CFMT filed its application in 1998. The Commission issued a call for applications only after the ethnic policy review was completed. The Commission recognized in the new policy that the demand for ethnic services existed. In their application CFMT made significant commitments to third language programming, particularly local third language programming. They also included a proposal to fund and broadcast ethnic documentaries making a contribution to the priority programming categories in the new television policy.
At the commencement of the Vancouver hearing the opening remarks included the following:

today’s applicants should clearly demonstrate to us that there is a need in the market for the proposed station and service. The Commission will examine these applications in light of the objectives of the Broadcasting Act and the new television policy issued last June. With this in mind the Commission will pay particular attention to the following elements which can be found in Public Notice CRTC 1999-101:

  • The contribution that the new service will make toward achieving the objectives of the Broadcasting Act, notably the production of local and regional programs;
  • How the applicant intends to promote the development of Canadian talent, particularly local and regional talent;
  • How the applicant will contribute to the priority programs nationally as defined by the TV policy;
  • The possibility of concluding program co-investments and co-purchase agreements with Canadian or foreign broadcasters;
  • The new services proposed audience;

  • The soundness or the feasibility of the business plan, the validity of the market analysis and the advertising revenue forecasts;

  • The availability of financial resources to meet the requirements identified in the business plans financial projects; and

  • Finally, the impact on the existing players in the Vancouver extended market as well as nationally.

Of course, while being aware of Canadian television programming, the applicants should also address the needs and tastes of their respective markets, not forgetting the viewers.

It is difficult for an applicant for an ethnic station to succeed in a competitive process against applicants for conventional stations. Applications filed under the ethnic policy are designed to meet the goals of that policy. Applications filed under the television policy are designed to meet the goals of that policy. Conventional stations in large markets generate, for the most part more revenues than ethnic stations and are in a position to make larger contributions to the convention television policy and the priority program categories contained in that policy. I believe that ethnic applications should be looked at in a different light given these considerations.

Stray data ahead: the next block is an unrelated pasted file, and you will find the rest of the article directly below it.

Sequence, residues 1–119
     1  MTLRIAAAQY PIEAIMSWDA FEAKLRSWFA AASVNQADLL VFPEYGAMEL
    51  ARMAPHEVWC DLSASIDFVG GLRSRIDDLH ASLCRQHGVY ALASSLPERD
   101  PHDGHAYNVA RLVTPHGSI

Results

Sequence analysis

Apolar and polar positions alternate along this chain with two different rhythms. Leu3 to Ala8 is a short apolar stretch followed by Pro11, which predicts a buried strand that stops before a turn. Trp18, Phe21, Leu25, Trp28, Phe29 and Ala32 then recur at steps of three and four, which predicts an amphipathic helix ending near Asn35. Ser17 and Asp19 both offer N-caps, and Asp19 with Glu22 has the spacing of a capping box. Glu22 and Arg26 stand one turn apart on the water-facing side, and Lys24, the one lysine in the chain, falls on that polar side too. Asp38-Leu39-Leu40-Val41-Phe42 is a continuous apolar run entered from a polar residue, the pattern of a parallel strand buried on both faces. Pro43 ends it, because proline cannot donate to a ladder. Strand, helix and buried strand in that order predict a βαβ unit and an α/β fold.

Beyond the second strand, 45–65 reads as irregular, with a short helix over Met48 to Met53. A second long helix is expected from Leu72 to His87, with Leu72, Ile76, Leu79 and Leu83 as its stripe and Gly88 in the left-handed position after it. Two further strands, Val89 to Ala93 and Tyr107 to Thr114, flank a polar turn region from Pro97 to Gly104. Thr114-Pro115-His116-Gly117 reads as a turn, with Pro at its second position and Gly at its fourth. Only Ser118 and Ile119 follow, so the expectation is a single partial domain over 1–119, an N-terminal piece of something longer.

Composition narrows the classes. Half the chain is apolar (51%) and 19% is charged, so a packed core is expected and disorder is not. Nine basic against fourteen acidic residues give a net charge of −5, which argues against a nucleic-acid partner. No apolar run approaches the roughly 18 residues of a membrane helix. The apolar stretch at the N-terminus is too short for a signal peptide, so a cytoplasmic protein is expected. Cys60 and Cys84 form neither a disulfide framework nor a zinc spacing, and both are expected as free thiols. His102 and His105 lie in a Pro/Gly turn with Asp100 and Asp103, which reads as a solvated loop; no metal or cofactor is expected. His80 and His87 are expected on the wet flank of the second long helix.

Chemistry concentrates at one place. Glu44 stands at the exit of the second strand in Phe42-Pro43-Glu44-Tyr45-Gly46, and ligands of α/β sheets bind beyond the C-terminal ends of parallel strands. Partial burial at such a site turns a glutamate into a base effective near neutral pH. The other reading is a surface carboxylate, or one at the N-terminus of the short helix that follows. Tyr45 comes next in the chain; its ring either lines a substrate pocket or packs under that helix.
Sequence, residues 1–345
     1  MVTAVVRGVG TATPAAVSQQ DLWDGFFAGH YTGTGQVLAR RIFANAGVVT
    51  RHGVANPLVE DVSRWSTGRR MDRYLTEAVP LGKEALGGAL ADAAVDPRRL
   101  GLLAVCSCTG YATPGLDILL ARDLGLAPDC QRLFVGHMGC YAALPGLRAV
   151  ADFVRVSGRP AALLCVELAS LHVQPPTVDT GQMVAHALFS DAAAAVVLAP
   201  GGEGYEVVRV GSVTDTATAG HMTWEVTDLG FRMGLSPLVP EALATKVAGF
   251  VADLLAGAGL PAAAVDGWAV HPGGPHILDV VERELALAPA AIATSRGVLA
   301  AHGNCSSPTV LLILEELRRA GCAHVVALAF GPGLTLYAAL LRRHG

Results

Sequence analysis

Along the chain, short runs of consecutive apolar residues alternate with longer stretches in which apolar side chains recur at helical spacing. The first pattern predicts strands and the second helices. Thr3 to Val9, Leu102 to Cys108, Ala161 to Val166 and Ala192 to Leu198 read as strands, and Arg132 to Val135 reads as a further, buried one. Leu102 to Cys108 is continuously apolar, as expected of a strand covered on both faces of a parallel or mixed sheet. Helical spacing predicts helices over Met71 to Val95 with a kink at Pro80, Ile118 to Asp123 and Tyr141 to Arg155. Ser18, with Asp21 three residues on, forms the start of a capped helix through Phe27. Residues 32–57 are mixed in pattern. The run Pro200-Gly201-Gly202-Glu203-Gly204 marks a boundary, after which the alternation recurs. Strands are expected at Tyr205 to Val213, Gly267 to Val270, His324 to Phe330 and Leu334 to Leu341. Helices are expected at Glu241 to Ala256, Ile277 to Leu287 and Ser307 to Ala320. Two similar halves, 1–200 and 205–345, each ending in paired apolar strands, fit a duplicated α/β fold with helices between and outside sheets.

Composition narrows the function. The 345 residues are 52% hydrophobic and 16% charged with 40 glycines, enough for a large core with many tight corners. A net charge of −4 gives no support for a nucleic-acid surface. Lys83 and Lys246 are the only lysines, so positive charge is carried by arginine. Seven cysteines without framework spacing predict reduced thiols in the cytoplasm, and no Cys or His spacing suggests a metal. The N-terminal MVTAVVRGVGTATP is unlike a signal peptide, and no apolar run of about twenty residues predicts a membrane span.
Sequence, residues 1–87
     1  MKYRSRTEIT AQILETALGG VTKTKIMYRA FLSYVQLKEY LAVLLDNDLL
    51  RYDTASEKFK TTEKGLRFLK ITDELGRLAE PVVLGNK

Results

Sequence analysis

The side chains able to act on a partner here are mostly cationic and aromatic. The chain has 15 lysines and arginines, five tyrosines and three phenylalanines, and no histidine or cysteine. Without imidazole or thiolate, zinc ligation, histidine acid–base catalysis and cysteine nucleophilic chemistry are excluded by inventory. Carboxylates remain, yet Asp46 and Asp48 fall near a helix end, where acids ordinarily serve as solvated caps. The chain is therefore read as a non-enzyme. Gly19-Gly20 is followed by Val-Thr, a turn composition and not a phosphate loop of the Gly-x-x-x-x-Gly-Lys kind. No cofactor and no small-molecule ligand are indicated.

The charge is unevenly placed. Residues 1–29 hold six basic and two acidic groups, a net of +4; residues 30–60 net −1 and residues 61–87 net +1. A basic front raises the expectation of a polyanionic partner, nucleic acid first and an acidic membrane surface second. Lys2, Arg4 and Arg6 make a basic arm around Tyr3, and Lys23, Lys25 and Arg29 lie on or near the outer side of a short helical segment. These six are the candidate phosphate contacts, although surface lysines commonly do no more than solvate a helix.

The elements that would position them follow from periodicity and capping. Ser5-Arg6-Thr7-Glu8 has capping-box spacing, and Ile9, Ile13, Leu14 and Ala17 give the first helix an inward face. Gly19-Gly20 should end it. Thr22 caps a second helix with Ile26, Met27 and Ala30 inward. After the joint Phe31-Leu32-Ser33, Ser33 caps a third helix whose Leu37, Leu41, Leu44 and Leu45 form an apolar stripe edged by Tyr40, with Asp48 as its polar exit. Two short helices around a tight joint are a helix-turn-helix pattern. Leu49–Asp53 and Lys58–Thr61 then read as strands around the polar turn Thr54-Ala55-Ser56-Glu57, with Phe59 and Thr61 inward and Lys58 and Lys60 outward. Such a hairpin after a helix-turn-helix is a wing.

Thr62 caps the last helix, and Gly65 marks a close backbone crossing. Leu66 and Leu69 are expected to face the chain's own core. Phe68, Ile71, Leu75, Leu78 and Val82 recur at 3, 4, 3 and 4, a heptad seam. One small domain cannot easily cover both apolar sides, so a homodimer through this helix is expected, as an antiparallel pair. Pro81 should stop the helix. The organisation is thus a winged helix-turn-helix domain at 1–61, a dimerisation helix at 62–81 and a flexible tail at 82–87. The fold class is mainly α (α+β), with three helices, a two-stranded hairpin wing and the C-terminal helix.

New American multilingual service
A new television service, located in Bellingham Washington, and oriented to Vancouver has recently received Federal Communications Commission approval to boost their power to 3,300,000 watts. It programs exclusively to ethnic markets from 5:30 p.m. to 11:30 p.m. daily.

There is every indication that this station is targeting the Vancouver multicultural community like KVOS targets the Vancouver English language market. Clearly its orientation is to Vancouver as Bellingham, home of KVOS, is a small border community with no discernible multicultural population.
The Commission has missed an opportunity to license a Canadian station to serve Vancouver’s large and growing multicultural community. Today’s decision will clear the way for revenues and audiences that could have accrued to a Canadian station and benefit the Canadian broadcasting system to flow south of the border and allow another US border station to establish a foothold in this market.
Craig superior to CHUM
As I have discussed above, Victoria cannot support another highly local service. I am compelled, however, to express my disagreement with the majority’s choice of CHUM. In my opinion, Craig’s proposal is more substantial and would contribute more to the goals of the Broadcasting Act, the Commission's policy objectives and the elements outlined at the outset of the hearing.